How close in timing did the suspected retaliation occur in relation to the protected act? If you notice the timing is close, perhaps within a few days or weeks, it could indicate that your employer is retaliating against your actions. Generally, the closer in time the two events occur, the more likely it is that retaliation is the culprit.

Have There Been Any Sudden Changes?

Any sudden shift in treatment, behavior, or attitude toward you is worth noting, especially if it feels out of place, disproportionate, or undeserved. Additionally, observe other employees and see if they are receiving similar treatment without having taken similar actions. If you’re seemingly the only one experiencing these issues, it’s likely not a coincidence.

As you continue through this article and look through the signs of workplace retaliation, keep these three questions in mind.

Signs of Workplace Retaliation


If you no longer receive the same number of emails, assignments, or training opportunities that you once had, employers may be trying to isolate you. In severe cases, this isolation can present as “silent treatment” from employers and other higher-ups. If an employer bad-mouths you to other colleagues, they may also ignore and or avoid you. Sometimes, retaliation isn’t just to punish you—it’s to make you hate the environment so much that you quit of your own volition.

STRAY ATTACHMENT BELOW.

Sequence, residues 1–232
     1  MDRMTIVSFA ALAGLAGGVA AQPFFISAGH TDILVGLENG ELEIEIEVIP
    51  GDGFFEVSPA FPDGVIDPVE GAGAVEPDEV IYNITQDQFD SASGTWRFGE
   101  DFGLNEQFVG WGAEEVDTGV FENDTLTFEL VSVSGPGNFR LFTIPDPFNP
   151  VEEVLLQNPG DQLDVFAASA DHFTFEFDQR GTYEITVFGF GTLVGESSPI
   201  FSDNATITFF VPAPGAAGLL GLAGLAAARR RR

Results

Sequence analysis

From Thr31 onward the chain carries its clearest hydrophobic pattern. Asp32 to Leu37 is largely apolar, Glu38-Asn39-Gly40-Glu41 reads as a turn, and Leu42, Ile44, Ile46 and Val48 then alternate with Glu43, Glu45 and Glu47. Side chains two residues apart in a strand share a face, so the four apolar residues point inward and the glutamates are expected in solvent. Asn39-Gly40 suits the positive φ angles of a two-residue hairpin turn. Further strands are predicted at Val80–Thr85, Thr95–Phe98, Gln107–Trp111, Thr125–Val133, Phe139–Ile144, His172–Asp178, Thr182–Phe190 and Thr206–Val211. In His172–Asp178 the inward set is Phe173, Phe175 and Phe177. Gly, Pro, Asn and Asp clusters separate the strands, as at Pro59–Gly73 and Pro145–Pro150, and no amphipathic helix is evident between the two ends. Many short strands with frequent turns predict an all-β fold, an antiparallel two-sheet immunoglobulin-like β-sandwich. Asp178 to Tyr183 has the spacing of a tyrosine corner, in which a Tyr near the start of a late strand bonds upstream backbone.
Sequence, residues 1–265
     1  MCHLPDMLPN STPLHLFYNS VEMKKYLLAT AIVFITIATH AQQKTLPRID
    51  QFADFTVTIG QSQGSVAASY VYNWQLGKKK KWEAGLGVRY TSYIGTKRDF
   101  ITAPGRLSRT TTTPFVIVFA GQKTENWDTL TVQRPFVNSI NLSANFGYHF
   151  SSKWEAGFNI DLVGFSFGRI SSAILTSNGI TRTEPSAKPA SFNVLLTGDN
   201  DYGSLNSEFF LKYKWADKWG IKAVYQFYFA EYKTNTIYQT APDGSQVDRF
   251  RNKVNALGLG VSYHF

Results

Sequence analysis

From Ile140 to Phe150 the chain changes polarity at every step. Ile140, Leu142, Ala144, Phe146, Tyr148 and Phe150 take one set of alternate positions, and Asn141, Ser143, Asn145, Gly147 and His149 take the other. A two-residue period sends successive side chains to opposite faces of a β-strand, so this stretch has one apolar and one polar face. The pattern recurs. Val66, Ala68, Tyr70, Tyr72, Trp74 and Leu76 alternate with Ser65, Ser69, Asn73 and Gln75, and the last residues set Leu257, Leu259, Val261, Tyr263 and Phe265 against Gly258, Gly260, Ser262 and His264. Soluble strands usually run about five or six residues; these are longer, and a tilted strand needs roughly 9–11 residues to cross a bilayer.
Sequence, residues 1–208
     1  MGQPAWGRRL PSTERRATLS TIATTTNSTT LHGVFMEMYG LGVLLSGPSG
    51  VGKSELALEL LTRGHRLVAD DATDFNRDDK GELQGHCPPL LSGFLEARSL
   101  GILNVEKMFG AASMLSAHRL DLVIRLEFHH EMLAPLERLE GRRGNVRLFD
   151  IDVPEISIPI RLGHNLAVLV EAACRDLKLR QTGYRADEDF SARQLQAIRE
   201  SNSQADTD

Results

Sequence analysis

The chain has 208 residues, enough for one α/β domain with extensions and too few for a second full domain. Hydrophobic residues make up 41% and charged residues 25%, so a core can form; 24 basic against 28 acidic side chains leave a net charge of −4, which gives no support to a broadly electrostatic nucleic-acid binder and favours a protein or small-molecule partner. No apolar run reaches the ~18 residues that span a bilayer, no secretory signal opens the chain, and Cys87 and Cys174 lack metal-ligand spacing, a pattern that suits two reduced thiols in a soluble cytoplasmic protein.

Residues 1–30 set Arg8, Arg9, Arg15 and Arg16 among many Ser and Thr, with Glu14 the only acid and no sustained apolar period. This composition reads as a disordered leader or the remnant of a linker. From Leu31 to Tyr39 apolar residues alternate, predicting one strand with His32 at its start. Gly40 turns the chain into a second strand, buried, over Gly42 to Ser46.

If you receive a demotion for seemingly no reason or have a sudden influx of difficult jobs, start paying attention and taking note of these occurrences. Reassignment can also present itself as unfavorable shift changes, especially if other employees can choose their shifts and you can’t. Remember, it’s not uncommon for relating employers to make conditions unbearable for you to work in. They take steps to impact your performance and give them a “better reason” to fire you.

Unnecessarily Harsh Criticism

Poor reviews can seriously harm a person’s career, and if they’re undeserved, overly cruel, harsh, or excessive, you may want to talk with your employer and ask why you received said comments. While even honest reviews can be hurtful at times, an employer should never make you feel incompetent or spoken down to. Take a look at your productivity, timeliness, and professionalism, and ask yourself if your metrics are what changed. If your performance is still reasonable, yet you feel inundated with negative reviews, you may have a bigger issue on your hands.